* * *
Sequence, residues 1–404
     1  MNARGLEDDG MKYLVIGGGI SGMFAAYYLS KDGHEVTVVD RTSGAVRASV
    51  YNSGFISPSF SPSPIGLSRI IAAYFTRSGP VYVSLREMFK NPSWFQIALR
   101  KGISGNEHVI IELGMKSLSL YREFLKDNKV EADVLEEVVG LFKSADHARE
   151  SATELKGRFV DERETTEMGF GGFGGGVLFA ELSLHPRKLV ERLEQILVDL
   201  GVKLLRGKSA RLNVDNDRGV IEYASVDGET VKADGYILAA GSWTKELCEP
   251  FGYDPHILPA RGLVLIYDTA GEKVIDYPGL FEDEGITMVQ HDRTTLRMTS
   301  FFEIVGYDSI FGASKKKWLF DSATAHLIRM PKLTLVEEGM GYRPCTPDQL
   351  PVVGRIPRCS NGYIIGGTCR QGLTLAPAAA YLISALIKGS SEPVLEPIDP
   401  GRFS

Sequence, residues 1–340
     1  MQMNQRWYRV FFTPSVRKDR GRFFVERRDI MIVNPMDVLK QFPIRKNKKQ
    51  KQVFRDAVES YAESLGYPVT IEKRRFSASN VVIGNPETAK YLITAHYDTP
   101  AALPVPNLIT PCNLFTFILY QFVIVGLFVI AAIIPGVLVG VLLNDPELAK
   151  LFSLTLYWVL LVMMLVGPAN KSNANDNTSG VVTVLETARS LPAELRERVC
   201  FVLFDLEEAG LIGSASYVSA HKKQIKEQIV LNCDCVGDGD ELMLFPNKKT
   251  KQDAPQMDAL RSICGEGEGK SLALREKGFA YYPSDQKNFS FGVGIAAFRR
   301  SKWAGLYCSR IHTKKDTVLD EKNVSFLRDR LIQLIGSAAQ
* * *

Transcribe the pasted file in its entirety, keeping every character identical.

Sequence, residues 1–404
     1  MNARGLEDDG MKYLVIGGGI SGMFAAYYLS KDGHEVTVVD RTSGAVRASV
    51  YNSGFISPSF SPSPIGLSRI IAAYFTRSGP VYVSLREMFK NPSWFQIALR
   101  KGISGNEHVI IELGMKSLSL YREFLKDNKV EADVLEEVVG LFKSADHARE
   151  SATELKGRFV DERETTEMGF GGFGGGVLFA ELSLHPRKLV ERLEQILVDL
   201  GVKLLRGKSA RLNVDNDRGV IEYASVDGET VKADGYILAA GSWTKELCEP
   251  FGYDPHILPA RGLVLIYDTA GEKVIDYPGL FEDEGITMVQ HDRTTLRMTS
   301  FFEIVGYDSI FGASKKKWLF DSATAHLIRM PKLTLVEEGM GYRPCTPDQL
   351  PVVGRIPRCS NGYIIGGTCR QGLTLAPAAA YLISALIKGS SEPVLEPIDP
   401  GRFS

Sequence, residues 1–340
     1  MQMNQRWYRV FFTPSVRKDR GRFFVERRDI MIVNPMDVLK QFPIRKNKKQ
    51  KQVFRDAVES YAESLGYPVT IEKRRFSASN VVIGNPETAK YLITAHYDTP
   101  AALPVPNLIT PCNLFTFILY QFVIVGLFVI AAIIPGVLVG VLLNDPELAK
   151  LFSLTLYWVL LVMMLVGPAN KSNANDNTSG VVTVLETARS LPAELRERVC
   201  FVLFDLEEAG LIGSASYVSA HKKQIKEQIV LNCDCVGDGD ELMLFPNKKT
   251  KQDAPQMDAL RSICGEGEGK SLALREKGFA YYPSDQKNFS FGVGIAAFRR
   301  SKWAGLYCSR IHTKKDTVLD EKNVSFLRDR LIQLIGSAAQ